The Chicago Wolves are proud to support Pride. We are dedicated to doing our part to uplift the LGBTQ+ community. The organization embraces continued efforts to provide safe spaces of belonging for everyone, believing that hockey is a sport for all to enjoy.
To show your support all season, check out the link to access our Pride gear and accessories, Chicago Wolves Store/Pride. And stay tuned for the return of Mystery Pride Pucks for the upcoming season.
Why is the term Pride used?
On June 28, 1969, the New York City police raided the Stonewall Inn, a bar frequented by gay and gender-nonconforming people (at a time when terms like LGBTQ+ did not yet exist). They attempted to arrest the gay and trans bar patrons, which started a series of protests against the police. Partially in response to Stonewall, in 1970, queer activists in New York City organized a march to Central Park with the theme “Gay Pride.” Pride means, among other things, “a becoming or dignified sense of what is due to oneself or one’s position or character.” By adopting this term, the LGBTQ+ community is asserting its right to exist freely, without shame.
The Pride Flag and What it Means
Gilbert Baker, an activist from San Francisco, USA, designed this 8-stripe flag to represent the diversity of the LGBTQ+ community. At the request of Harvey Milk, the first openly gay elected official in the history of California, Gilbert was commissioned to create an image of pride for the gay community. Recognizing that flags are one of the most important characteristics of self-identity, the design was printed onto a flag.
The flag was first revealed during the 1978 Gay Freedom Day Parade in San Francisco. However, due to color shortages, the pink and turquoise stripes had to be removed from the flags design altogether, and the blue was amended to a different shade. The removal of the hot pink and turquoise stripes led to the six-stripe version of the Rainbow Pride Flag we know today, comprised of red, orange, yellow, green, blue and purple. For over 40 years, the Rainbow flag has represented the LGBTQ+ community and is one of the most well-known pride flags. It is this version of the flag that is famous around the world, and has since become an iconic representation of freedom, equality and unity.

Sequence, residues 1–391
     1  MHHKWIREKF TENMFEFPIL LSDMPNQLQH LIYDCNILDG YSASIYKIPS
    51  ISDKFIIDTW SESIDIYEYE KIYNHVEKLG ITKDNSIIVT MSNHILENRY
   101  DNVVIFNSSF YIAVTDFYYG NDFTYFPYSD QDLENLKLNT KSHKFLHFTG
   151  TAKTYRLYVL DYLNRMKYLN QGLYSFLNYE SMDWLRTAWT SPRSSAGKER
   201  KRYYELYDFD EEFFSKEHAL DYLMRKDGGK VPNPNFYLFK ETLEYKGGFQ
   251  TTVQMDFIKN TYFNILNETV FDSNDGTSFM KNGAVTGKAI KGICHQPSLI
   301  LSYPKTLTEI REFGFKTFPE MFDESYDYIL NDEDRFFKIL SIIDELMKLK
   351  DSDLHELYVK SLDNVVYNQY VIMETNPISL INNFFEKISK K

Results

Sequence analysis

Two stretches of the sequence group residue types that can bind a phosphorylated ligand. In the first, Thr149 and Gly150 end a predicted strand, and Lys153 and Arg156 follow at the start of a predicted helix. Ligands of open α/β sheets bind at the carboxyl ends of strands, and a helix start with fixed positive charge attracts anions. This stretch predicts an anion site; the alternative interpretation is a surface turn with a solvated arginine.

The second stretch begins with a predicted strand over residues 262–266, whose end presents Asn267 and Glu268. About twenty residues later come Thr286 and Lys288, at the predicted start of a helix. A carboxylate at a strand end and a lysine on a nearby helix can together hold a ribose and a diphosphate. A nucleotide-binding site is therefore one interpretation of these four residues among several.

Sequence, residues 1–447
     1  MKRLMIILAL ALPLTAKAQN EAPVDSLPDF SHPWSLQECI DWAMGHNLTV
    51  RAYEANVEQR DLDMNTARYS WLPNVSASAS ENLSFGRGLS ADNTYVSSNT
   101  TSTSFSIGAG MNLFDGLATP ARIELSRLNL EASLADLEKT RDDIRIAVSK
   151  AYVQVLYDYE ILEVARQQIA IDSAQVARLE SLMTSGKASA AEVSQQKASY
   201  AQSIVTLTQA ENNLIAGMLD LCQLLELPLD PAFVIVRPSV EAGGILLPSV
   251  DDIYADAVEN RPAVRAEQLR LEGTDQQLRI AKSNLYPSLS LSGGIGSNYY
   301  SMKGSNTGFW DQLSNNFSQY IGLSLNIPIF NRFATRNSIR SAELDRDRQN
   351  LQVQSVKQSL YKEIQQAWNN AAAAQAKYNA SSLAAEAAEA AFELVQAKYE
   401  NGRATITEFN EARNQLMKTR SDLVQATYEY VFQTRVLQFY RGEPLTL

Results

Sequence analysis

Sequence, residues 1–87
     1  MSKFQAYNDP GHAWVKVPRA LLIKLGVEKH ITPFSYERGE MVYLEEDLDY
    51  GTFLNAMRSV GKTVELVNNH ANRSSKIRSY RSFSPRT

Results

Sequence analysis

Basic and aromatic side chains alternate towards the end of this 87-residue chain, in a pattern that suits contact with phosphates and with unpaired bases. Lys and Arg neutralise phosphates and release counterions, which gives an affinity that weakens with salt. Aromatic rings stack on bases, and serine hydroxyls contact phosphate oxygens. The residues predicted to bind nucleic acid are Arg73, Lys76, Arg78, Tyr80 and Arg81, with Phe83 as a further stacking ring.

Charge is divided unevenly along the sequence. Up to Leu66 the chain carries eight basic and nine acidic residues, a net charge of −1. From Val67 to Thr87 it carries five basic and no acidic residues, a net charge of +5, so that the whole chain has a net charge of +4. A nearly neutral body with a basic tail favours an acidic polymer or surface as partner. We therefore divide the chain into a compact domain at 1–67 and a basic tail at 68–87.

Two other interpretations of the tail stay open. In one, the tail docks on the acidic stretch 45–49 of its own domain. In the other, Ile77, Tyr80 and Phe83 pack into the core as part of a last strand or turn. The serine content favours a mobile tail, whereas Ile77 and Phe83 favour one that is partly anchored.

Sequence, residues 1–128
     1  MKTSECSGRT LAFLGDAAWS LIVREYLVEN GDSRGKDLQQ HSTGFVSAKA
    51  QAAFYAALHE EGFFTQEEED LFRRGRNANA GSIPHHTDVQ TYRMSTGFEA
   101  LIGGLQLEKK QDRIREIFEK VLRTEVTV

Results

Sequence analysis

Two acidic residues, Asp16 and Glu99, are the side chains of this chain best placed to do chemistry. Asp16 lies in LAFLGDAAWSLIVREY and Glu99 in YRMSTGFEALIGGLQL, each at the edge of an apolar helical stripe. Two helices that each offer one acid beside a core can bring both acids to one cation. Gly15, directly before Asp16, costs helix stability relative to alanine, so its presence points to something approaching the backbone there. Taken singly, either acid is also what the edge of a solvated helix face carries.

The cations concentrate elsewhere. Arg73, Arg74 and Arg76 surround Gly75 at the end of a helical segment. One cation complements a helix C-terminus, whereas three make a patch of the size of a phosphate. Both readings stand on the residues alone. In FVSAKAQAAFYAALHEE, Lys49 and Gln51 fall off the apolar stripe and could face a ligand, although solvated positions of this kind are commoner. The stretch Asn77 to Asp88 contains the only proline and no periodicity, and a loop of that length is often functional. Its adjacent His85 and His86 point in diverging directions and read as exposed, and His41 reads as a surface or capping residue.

In the United States, the last Sunday in June was initially celebrated as ‘Gay Pride Day,’ but the actual day was flexible. In major cities across the nation the ‘day’ soon grew to encompass a month-long series of events. Today, celebrations include pride parades, picnics, parties, workshops, symposia and concerts, and LGBTQ Pride Month events attract millions of participants around the world. Memorials are held during this month for those members of the community who have been lost to hate crimes or HIV/AIDS. The purpose of the commemorative month is to recognize the impact that lesbian, gay, bisexual and transgender individuals have had on history locally, nationally and internationally.
The Importance of Pride and Your Support
Pride events are about human rights, empowering LGBTQ+ individuals to reclaim the rights and freedoms they are denied, and the public space from which they often feel excluded. Visibility is crucial to fighting shame and social stigma, marching in the face of threats and violence. Pride events inspire celebrations of difference and show that LGBTQ+ communities will not to be intimidated and will continue to demand equality.